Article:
Personal Injury, Wrongful Death and Medical Malpractice Attorneys
Personal Injury, Wrongful Death and Medical Malpractice Attorneys



Nursing home abuse could be avoided through background checks

A large amount of forethought goes into placing a family member in a nursing home. Some of the considerations are the safety of the facility and the level of care provided. Family members may even look into the hiring practices of the nursing home to ensure that the resident will be in good hands.
For New York families who are considering placing a loved one in a nursing home, the results of a recent investigation may be disturbing in that they indicate that nursing home abuse is more common than many realize.
The U.S. Department of Health and Human Services conducted the investigation of over 1,600 nurse aides who all had something in common: They had been disciplined for nursing home abuse, neglect or theft. The shocking part is that almost 20 percent of these aides had a criminal conviction on their record — the types of convictions that a background check would have produced.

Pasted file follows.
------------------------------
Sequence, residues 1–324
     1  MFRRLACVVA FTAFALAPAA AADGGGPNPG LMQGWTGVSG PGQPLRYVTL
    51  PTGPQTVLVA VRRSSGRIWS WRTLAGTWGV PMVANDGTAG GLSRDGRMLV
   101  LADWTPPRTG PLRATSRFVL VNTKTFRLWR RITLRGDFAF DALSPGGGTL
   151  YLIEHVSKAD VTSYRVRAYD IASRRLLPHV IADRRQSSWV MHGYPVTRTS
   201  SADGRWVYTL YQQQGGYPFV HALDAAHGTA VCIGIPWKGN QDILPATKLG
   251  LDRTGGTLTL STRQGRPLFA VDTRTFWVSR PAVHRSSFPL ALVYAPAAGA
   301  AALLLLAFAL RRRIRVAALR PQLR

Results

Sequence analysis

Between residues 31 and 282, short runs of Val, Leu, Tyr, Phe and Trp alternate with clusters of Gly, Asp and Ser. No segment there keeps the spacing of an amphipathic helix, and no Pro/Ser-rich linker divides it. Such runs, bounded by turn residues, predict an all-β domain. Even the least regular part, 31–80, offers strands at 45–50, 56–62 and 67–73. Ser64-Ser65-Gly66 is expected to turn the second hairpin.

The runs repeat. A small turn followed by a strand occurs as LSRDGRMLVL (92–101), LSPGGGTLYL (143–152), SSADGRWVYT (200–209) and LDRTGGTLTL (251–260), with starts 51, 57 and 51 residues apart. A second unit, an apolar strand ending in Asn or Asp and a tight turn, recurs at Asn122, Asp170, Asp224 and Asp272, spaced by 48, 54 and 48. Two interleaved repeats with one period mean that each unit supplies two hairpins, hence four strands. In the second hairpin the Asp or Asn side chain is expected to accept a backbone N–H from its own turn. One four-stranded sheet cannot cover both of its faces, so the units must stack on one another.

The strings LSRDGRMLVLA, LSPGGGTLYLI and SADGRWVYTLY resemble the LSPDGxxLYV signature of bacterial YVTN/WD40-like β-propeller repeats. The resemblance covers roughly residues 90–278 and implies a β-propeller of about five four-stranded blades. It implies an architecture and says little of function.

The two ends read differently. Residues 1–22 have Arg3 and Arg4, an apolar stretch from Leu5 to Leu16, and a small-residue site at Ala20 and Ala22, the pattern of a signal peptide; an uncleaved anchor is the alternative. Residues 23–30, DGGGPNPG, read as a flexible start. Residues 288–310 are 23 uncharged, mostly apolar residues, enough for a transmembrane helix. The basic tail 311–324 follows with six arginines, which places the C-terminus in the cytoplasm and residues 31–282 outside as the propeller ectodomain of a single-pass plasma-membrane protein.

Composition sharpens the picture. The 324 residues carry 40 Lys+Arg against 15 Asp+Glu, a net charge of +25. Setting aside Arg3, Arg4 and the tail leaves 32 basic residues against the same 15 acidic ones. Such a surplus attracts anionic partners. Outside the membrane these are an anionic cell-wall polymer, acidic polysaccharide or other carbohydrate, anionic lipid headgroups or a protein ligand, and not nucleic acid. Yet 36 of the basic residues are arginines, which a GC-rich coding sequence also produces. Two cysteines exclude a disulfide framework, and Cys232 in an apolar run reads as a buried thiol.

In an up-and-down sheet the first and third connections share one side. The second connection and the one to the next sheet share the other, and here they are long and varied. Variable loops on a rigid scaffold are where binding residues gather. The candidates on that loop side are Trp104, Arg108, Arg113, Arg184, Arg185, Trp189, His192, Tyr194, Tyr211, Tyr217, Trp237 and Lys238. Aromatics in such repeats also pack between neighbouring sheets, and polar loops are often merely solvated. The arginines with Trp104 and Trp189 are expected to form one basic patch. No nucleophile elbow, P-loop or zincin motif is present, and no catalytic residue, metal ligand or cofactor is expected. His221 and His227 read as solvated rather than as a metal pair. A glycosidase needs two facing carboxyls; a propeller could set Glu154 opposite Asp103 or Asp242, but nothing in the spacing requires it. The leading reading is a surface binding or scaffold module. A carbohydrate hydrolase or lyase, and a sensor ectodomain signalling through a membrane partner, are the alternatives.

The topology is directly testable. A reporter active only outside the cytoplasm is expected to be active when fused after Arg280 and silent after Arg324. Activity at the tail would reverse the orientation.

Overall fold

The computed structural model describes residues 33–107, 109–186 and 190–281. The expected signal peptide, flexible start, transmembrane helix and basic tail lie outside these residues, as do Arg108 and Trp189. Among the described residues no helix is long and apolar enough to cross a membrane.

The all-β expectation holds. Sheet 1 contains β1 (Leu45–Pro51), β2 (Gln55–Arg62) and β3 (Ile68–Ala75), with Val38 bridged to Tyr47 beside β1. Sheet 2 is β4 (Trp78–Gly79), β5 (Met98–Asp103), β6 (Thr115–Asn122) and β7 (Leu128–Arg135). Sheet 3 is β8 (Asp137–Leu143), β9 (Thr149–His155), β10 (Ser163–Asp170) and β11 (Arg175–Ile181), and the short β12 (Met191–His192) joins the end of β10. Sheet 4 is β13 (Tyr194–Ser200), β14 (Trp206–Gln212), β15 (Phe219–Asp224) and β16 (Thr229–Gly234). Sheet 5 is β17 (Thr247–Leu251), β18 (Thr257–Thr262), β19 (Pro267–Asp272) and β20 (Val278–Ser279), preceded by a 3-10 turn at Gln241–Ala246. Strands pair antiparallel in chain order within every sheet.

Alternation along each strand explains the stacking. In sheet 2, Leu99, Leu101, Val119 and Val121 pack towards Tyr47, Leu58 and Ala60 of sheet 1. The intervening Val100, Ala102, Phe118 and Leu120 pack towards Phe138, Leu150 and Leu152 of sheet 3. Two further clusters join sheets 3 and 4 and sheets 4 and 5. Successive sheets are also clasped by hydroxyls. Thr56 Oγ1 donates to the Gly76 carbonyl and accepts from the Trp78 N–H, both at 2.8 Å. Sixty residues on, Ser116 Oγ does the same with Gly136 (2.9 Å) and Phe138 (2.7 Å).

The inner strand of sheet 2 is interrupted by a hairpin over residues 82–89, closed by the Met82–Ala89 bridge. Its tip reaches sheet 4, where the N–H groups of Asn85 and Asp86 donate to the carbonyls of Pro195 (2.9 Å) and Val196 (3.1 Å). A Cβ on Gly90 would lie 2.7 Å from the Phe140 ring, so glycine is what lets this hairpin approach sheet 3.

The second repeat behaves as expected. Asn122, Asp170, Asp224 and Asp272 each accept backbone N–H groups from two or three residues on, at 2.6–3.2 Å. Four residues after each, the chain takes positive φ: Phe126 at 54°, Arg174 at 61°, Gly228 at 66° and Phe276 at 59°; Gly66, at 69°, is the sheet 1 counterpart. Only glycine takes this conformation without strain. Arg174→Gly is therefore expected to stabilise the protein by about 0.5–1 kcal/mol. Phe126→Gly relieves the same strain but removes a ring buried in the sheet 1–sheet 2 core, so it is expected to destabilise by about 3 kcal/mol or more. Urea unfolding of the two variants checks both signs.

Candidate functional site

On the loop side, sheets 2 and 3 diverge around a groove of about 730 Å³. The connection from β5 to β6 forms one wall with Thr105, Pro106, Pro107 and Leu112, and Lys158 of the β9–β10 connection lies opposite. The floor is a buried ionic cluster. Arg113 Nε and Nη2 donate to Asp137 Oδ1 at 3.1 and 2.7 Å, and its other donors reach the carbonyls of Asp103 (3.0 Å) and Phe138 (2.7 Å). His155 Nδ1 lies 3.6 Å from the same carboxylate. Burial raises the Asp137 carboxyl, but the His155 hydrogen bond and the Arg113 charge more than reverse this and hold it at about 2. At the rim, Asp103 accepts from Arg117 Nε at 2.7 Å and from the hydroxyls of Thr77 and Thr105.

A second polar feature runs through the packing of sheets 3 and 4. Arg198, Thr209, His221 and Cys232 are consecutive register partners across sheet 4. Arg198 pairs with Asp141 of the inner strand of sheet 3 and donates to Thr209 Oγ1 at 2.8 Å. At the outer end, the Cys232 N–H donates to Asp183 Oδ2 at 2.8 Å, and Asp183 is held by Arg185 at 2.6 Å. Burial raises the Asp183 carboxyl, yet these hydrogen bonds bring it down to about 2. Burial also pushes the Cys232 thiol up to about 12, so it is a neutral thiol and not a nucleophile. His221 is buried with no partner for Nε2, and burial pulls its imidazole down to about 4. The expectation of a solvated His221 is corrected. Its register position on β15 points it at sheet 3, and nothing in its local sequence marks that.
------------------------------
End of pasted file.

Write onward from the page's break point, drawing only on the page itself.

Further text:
But somehow, those convicted criminals were taking care of nursing home residents. Some of the crimes were of a serious nature, including battery, assault and even rape, while others were crimes against property, not a person.
Nursing aides are different from registered nurses. Many nursing homes do not have the money to staff enough registered nurses, so nursing aides pick up the slack. Aides work at minimum wage and only require a short amount of training.
Regardless of the level of staff, nursing homes owe a duty of care to their residents, and this duty extends to the hiring of employees. If a resident shows signs of abuse, neglect or malnourishment as the result of negligent hiring, the resident may be able to sue the facility for his or her injuries. Failure to run a simple background check may be one sign of negligent hiring practices.


Jay W. Dankner

JAY W. DANKNER was born, raised and educated in Brooklyn, New York. After graduation from law school in 1973, he joined the firm of the legendary, Harry H, Lipsig, under whose tutelage he learned the intricacies of civil litigation and trials. He tried and won his first case against General Motors in a case involving a design defect within weeks after his admission. Thereafter, he focused his attention on the emerging and developing field of law known as products liability litigation.



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